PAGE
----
Read: May 16, 2012
Release Date: July 2012
I got this copy free in exchange for a review from Library Thing.
This book was in a lot of ways what I expected and also not what I expected. I expected it to be gritty, action-packed, and for there to be a love triangle. Kaya starts out dangerously close to being a damsel in distress but shies away from it by barely a hair’s breadth. The book starts out weak, but don’t give up hope until she’s at the Academy for a little bit before you pass judgement. Between tough-as-nails Maddox, Kaya’s babysitter/guardian, and Trayton, you really see that Kaya isn’t just some pushover heroine.
I didn’t expect, however, for the book to be both action-filled and dragging. Training in secret with a hot off-limits Unskilled is about as risque as the book goes in terms of not conforming to society and working to ensure Kaya’s Barron parents’ safety. In between these forays, there’s a bunch of sitting in class and Kaya holding her anger about the discrimination of Healers versus Barrons which was so close to being a turn off. I was left knowing that Kaya was a bit of a hothead when it came to her beliefs, but not the why. Yes, she did grow up around Unskilled with two Barrons for parents (unheard of and illegal; usually a pair is a Healer and a Barron) so I understand that aspect of her life but for her to buck against anything and everything about the Skilled for such a strong but flimsy reason didn’t really do it for me. I found myself fussing at her in my mind whenever she mouthed off because I didn’t really feel for her cause.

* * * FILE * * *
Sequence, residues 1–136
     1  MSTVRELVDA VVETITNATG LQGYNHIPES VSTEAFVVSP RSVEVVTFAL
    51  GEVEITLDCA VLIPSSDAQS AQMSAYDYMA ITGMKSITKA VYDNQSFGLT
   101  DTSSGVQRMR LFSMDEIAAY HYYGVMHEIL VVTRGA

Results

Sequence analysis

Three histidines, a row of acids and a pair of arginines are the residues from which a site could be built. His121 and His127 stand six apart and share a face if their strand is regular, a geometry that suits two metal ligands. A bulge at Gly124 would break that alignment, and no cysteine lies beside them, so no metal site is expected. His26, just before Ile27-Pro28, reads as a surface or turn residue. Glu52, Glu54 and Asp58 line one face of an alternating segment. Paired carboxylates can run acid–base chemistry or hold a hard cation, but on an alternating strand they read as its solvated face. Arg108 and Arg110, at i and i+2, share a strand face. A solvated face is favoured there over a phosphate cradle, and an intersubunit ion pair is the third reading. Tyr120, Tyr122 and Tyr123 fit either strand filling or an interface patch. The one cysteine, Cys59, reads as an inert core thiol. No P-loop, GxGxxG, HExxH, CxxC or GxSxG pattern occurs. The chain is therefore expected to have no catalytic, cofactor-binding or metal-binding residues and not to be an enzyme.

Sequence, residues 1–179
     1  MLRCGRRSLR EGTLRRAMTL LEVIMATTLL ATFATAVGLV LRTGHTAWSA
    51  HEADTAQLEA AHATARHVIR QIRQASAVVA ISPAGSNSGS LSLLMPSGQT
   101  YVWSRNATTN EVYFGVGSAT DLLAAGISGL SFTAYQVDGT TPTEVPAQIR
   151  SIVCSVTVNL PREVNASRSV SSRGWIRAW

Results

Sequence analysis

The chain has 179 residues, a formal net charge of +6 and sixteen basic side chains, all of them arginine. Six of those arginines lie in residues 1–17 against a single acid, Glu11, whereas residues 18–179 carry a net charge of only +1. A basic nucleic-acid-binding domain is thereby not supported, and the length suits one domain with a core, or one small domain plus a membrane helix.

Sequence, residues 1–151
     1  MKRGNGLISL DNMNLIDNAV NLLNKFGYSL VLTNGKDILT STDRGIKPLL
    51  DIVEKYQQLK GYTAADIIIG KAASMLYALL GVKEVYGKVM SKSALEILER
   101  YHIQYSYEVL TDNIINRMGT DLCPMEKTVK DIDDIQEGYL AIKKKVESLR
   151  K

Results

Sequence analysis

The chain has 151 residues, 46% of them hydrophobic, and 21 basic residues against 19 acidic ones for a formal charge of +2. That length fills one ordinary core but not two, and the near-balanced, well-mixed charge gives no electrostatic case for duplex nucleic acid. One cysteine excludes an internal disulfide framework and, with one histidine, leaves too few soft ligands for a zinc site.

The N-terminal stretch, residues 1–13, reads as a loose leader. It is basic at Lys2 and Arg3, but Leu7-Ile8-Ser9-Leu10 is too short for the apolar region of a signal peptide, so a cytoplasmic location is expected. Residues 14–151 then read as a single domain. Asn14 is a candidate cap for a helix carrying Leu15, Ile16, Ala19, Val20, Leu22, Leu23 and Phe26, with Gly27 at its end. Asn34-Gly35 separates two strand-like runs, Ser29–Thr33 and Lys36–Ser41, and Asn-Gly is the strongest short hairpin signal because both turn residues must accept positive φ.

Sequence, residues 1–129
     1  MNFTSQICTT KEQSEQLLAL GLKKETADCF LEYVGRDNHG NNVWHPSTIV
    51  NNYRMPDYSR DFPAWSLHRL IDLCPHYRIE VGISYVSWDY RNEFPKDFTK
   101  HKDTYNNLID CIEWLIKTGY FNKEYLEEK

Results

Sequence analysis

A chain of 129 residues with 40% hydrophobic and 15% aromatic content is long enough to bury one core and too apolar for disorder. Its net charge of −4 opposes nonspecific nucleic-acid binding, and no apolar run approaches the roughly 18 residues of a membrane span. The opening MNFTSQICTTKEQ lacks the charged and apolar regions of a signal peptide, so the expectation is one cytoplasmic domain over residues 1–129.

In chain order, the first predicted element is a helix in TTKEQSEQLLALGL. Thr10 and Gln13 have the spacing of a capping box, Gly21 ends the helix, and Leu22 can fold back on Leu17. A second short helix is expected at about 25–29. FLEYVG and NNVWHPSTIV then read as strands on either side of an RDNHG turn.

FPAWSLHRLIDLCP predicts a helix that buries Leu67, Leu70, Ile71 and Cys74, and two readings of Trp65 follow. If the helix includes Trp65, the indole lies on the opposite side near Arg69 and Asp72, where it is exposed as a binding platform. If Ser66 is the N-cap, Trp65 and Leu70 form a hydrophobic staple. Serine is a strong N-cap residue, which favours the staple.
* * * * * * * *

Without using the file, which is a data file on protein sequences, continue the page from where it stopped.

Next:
The book is written fairly well, with good solid bases for the characters and some light humor and rebellion. However, I just wasn’t sure I followed where some of the leaps of logic the characters decided upon came from. It wasn’t a deterrent, and I certainly liked the book very well so it is most likely me being a little more critical than normal, but I just wanted a little more.
Enough to keep it on my shelf and eagerly await the next installment (called Soulbroken in case you were interested) and lend it to some friends for sure. A good adventure that sidesteps the worn ideas of “healing with a touch” be it magical or not. There is no easy solution, and this book delves into that caveat.